Thousands of Auckland ratepayers are waiting for their valuation objections to be processed and Auckland Council has lashed out at state-owned enterprise Quotable Value, accusing it of not doing its job by inspecting properties.

In response, a QV spokesman said the business is "unfortunately" unable to comment even though the council says 5200 ratepayers who objected to their latest valuations were left waiting.

Rhonwen Heath, council rates and development contributions manager and Fran Maguire, business improvement and projects manager, wrote to Mayor Phil Goff and councillors about the poor job QV had done and QV not conducting on-site visits as it is required to do.

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Completing the process of dealing with thousands of valuation objections was delayed as "a result of a breach of legislative and contractual requirements by our supplier, QV, discovered during quality assurance audits," Heath and Maguire wrote.

"Council is disappointed in the quality of QV's work which has resulted in lengthy delays for ratepayers and considerable re-work for the council and QV. As a result, we are currently withholding payments to QV until this issue has been resolved as a priority."

They wrote: "5200 ratepayers have outstanding objections. Ratepayers awaiting the result of their objection are required to pay their rates by law and adjustments will be made on future rates instalments if their property value changes. Around half of total objections received sought an increase in value," they wrote.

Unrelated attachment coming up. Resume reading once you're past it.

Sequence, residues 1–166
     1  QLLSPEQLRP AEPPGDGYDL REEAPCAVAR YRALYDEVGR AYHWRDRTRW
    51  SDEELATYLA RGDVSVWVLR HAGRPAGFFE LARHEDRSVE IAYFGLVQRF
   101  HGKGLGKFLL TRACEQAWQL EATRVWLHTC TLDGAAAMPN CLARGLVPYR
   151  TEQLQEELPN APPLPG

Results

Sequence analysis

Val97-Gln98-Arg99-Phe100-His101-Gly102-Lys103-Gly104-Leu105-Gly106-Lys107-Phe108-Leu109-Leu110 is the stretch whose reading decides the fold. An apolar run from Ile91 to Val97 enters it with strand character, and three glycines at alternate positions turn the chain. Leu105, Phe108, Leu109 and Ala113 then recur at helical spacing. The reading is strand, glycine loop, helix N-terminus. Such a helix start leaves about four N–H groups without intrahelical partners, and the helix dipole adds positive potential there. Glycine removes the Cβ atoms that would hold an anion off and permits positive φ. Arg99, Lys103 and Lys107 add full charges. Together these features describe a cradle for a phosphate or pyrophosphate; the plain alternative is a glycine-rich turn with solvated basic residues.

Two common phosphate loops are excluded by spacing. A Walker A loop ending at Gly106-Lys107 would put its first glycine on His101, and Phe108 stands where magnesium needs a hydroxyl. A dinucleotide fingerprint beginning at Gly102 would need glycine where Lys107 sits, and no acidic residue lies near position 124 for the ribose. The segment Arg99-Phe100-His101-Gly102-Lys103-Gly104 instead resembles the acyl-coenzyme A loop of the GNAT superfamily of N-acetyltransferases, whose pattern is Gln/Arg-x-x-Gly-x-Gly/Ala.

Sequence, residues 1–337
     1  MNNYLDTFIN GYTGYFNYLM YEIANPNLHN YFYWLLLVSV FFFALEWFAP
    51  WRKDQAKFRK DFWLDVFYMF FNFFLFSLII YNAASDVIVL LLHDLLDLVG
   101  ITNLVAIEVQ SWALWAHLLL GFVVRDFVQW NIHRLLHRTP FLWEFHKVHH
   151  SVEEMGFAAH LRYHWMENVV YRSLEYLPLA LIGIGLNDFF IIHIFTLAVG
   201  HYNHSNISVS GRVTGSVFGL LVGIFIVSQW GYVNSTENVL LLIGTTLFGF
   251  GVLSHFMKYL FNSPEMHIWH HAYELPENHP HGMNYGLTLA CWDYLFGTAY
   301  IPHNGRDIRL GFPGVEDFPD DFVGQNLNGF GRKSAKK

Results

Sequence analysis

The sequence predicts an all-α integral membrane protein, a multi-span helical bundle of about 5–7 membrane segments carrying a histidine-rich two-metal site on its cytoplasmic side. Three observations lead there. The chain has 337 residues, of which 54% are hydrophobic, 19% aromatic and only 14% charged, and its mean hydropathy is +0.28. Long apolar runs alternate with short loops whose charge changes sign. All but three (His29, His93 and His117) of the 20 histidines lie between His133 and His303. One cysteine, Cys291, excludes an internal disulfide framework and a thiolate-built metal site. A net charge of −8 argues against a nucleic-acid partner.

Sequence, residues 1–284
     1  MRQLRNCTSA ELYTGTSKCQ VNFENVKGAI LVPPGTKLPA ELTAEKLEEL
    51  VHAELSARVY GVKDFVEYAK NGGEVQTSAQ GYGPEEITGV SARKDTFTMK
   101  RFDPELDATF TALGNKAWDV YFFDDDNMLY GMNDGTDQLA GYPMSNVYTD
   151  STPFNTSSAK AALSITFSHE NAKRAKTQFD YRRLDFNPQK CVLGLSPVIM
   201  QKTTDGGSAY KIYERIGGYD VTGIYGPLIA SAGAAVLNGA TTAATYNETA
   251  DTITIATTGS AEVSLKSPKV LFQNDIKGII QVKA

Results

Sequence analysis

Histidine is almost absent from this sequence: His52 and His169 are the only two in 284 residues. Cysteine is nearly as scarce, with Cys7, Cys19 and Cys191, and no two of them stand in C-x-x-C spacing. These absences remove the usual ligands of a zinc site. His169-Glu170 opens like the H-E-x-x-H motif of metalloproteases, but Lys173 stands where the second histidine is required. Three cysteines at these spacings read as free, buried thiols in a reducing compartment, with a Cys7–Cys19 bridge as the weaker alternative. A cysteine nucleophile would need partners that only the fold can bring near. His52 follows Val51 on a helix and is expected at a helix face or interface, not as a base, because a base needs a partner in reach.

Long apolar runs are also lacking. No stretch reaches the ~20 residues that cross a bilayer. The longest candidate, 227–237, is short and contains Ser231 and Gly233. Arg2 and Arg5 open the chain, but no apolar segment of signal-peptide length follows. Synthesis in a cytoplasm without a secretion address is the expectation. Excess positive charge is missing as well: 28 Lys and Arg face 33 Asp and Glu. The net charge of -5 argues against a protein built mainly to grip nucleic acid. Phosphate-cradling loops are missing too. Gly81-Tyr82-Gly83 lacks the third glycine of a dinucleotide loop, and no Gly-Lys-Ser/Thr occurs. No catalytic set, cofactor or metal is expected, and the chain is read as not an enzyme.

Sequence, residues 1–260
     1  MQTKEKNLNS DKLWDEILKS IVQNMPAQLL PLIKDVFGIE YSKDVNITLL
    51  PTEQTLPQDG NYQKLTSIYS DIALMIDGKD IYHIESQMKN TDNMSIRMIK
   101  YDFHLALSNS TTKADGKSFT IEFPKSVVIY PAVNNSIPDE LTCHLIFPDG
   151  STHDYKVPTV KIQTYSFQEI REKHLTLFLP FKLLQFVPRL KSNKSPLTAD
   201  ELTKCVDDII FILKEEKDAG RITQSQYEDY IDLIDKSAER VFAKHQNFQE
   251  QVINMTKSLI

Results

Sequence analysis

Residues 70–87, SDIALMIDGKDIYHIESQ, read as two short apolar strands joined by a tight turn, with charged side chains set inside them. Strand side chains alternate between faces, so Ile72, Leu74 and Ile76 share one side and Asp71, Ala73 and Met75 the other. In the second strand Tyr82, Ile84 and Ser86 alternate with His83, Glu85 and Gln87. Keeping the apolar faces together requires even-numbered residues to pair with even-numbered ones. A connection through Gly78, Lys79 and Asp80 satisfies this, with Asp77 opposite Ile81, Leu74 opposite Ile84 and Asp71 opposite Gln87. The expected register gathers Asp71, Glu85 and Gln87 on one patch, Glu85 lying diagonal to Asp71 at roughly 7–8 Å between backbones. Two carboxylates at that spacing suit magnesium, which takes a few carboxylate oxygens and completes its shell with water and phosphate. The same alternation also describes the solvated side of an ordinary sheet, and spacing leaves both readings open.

The council got 7893 objections to valuations out on November 20 last year. QV were contracted to handle those but an audit found they were inconsistent in following the rules for on-site inspections.

On June 11, the Valuer General told the council of concerns and strongly suggested a legal review of the process for on-site inspections, the document said.

So the council stopped processing objections till the legal review was done, examining QV's work. That found it did not follow the law or their contractual requirements by carrying out on-site inspections, the document said.

"A copy of the legal review was provided to the Valuer General. QV were also advised of the legal review's findings in writing and the council insisted on an explanation from QV's Chief Executive in person. "Following the meeting, QV agreed to review all completed objections not yet issued and then submit them to Auckland Council for quality assurance," it said.

The council was disappointed in the quality of QV's work which had meant long delays for ratepayers and considerable re-work for the council and QV.

"Initially QV were required to complete all objections by 30 April which they did not do. On advice, and in line with our contract, council gave QV a three-month extension until 30 June to complete objections in time for the new rating year. They were unable to do so," the document said.

The council can penalise QV under the contract and it was now doing this by withholding payments.